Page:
“The thing as image is thus distinct from its being-there in the sense of the Vorhanden, its simple presence in the homogeneity of the world and in the linking of natural or technological operations. Its distinction is the dissimilarity that inhabits the resemblance that agitates it and troubles it with a pressure of spacing and of passion. What is distinct in being-there is being-image: it is not here but there, in the distance, in a distance that is called ”absence” (by which one often wants to characterize the image) only in a very hasty manner. The absence of the imaged subject is nothing other than an intense presence, receding into itself, gathering itself together in its intensity. Resemblance gathers together in force and gathers itself as a force of the same – hence the enjoyment [jouissance] we take in it. We touch on the same and on this power that affirms this: I am what I am, and I am this well beyond or well on this side of what I am for you, for your goals and your manipulations. We touch on the intensity of this withdrawal or this excess. Thus, the mimesis encompasses methexis, a participation or a contagion through which the image seizes us.”[i]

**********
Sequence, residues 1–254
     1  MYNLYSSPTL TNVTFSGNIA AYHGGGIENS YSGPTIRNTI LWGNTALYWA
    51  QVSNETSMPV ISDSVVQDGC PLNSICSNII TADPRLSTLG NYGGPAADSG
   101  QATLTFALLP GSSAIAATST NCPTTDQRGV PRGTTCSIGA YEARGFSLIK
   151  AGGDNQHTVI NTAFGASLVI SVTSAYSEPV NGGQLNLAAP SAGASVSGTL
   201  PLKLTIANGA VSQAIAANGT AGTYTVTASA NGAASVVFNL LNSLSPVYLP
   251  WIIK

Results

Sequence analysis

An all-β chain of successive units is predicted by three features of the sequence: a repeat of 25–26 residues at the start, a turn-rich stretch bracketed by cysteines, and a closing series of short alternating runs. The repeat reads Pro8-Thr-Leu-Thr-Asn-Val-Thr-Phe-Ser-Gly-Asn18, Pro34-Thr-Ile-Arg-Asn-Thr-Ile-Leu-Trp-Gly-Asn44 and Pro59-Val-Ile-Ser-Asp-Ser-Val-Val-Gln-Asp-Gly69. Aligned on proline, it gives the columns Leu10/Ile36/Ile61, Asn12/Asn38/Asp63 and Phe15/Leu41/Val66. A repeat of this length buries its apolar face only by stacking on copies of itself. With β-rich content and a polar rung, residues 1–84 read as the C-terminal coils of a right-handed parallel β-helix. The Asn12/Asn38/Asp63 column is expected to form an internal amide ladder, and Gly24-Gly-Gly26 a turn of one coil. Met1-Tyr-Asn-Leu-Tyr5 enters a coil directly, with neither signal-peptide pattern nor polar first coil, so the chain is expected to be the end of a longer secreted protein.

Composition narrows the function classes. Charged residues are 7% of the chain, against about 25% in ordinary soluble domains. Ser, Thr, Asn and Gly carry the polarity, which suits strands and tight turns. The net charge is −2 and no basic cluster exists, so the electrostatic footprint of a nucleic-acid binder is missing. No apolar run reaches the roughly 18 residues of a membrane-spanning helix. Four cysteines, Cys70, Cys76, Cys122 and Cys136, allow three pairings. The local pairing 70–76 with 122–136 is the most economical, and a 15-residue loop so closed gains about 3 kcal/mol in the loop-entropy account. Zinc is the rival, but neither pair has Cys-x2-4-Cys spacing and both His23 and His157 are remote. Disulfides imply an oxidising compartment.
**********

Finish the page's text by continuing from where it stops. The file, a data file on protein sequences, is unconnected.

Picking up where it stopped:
As Nancy points out, the mimesis includes methexis. The meaning of this ancient Greek word (μέθεξις) is derived from the common share, the participation in the picture. The ritual connects people in a communion that expresses the attachment to the sacred. Without that, the community remains vacant and abandoned. It is now obvious, however, that the image can be nothing but a “sacred” in the meaning entirely different from the “religious” of the individual. To make the image as a mimesis more than copying or imitating Being, something extraordinary must happen. The image must show the present absence of a hidden foundation beyond the mere materiality and character. In other words, the image as methexis is the event of the sacred and secular encounter even when it seems that the entire era of defiance of the Being seemed to occur. It is worth asking whether Nancy’s phenomenology of the image is possible without understanding the “sense of Being”? What he calls “fundament of the image” does not refer to the hidden form of Platonic ideas. However, it is difficult to show at least a bit of a sceptic about the way in which the image of the image we are talking about is kept in mind when the image takes on the features of performance and gesture. Modernity was marked by the emergence of an image as an indefinite referentiality. Therefore, the crisis of representation does not exist until the perfecting of technical appliances is at the break with “imitation” and “introducing” a new complex reality. Distinction and distancing, on which Nancy bases his observations on the theory of images, primarily relate to the status of the object in the eyes of the observer. His role has changed significantly. It is no longer a Kantian passive subject to the reflection of a beautiful, nor a Nietzschean active producer who disturbs indifferent senses. The observer does not look at what’s happening in a picture like an idle screen. Violence caused by the rise of the chaotic reality of the twentieth century, wars and revolutions, by the technical acceleration of the cinematic energy of one’s life, becomes the “energy” and “intensity” of the image. The image is always an image of something. It is therefore mimetic in its aspiration to turn life into the objectivity of reality. However, the representation of something does not mean that it is only an empty intentional act of observing objects.